Ever since President Gerald Ford rushed through the licencing of a novel flu vaccine in 1976, fears of vaccines sparking dangerous neurological side effects have stalked the industry.
Ford acted against scientific advice to licence the mass distribution of a novel HIN1 shot in the US after an outbreak of a new strain of influenza at the Fort Dix military base in New Jersey. He feared it was the start of a pandemic and reasoned it was better to move fast to get ahead of it even if that entailed some risk. It was also an election year.
The pandemic never arrived but the vaccine caused Guillain-Barré syndrome, a neurological condition that can lead to paralysis, in 450 of the 45 million people who received the jab. More than 30 died, sparking a scandal that underpins much of the safety regulations in place for vaccine and drug development today. Ford lost the election in its aftermath.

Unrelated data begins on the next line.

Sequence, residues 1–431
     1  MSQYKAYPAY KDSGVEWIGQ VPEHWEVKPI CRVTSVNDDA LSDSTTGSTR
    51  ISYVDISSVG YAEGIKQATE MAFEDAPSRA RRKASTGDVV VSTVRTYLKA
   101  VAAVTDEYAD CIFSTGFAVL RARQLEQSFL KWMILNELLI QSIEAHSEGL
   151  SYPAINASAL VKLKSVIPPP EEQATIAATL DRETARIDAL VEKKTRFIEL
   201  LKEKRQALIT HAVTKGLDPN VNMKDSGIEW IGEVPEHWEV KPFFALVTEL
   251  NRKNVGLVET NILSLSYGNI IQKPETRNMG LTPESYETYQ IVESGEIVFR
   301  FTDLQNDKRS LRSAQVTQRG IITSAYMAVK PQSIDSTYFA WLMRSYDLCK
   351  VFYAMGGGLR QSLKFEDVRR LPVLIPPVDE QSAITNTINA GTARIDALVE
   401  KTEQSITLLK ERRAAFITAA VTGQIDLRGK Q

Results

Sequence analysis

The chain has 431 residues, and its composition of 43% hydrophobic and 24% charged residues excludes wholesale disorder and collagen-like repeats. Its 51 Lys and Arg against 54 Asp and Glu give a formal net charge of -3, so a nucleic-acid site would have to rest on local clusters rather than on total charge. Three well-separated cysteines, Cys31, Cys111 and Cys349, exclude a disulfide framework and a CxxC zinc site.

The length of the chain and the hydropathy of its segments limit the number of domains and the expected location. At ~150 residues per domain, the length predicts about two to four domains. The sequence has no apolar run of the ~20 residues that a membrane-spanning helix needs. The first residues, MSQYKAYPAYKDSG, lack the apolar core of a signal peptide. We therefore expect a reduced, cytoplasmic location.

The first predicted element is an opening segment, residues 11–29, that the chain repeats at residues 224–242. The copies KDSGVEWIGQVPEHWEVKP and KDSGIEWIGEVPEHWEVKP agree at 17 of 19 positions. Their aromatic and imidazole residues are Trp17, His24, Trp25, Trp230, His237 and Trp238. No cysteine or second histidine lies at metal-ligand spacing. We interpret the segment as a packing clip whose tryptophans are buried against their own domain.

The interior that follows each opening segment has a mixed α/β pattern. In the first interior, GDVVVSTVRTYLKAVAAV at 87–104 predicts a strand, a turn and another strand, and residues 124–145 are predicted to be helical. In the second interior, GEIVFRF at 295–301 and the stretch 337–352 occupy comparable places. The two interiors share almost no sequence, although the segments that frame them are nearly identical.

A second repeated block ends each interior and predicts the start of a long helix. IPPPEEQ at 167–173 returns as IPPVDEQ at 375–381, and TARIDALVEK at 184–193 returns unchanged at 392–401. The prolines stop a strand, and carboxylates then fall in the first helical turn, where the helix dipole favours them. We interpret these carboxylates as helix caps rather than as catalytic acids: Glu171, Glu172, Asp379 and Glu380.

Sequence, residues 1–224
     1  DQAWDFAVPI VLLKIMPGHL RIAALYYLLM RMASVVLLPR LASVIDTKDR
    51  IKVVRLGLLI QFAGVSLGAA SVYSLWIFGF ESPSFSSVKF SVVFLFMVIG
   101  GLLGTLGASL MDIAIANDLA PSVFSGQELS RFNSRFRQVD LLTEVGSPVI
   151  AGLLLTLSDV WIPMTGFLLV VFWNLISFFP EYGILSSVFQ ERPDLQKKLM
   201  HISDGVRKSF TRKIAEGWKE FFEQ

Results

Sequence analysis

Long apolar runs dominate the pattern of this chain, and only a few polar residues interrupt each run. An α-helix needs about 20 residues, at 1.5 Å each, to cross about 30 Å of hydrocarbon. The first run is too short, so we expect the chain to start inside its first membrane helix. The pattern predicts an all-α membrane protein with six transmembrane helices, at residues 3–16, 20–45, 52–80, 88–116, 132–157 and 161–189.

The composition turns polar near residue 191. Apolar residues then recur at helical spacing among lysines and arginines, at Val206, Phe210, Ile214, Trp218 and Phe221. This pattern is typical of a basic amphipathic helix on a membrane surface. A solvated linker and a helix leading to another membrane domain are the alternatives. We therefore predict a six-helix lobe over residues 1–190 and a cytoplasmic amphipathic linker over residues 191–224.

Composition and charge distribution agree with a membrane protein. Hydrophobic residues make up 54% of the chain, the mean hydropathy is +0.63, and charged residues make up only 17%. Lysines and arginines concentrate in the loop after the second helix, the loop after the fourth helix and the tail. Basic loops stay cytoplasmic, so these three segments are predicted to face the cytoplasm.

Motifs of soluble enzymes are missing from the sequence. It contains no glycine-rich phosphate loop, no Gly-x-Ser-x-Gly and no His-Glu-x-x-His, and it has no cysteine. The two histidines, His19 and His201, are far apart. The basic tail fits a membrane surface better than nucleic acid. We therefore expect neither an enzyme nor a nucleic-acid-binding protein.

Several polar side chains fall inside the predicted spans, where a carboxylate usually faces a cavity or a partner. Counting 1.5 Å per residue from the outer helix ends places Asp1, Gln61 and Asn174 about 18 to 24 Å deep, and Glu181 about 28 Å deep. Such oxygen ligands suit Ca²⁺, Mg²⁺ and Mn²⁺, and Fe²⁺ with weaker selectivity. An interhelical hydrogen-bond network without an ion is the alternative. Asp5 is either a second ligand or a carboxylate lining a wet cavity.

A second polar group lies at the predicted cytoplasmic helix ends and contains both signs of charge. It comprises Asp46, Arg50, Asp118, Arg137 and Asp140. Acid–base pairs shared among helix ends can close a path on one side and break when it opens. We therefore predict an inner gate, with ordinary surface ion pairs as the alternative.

AstraZeneca’s CEO, Pascal Soriot, said the woman who suffered the suspected adverse effect is recovering and is expected to leave hospital today.
Mr Soriot added that the trials had also been paused in July after a different participant experienced neurological symptoms. However, these were proven to be unrelated to the vaccine and the individual was diagnosed with multiple sclerosis.
Guillain-Barré syndrome and transverse myelitis are different but related conditions. Both affect the nervous system and can be caused by viral infections and vaccines. And both have also been associated with confirmed cases of Covid-19 and Sars.
Transverse myelitis can cause paralysis, sensory problems and bladder and bowel dysfunction. Most people recover but severe attacks can lead to lasting and serious disabilities.
Several studies have drawn “limited connections” between the condition and vaccination. A 2018 study analysing three decades of data on adverse vaccine events in the US found 119 cases of transverse myelitis – a tiny figure when compared to the number of people vaccinated, but researchers suggested it could be a “very rare” side effect.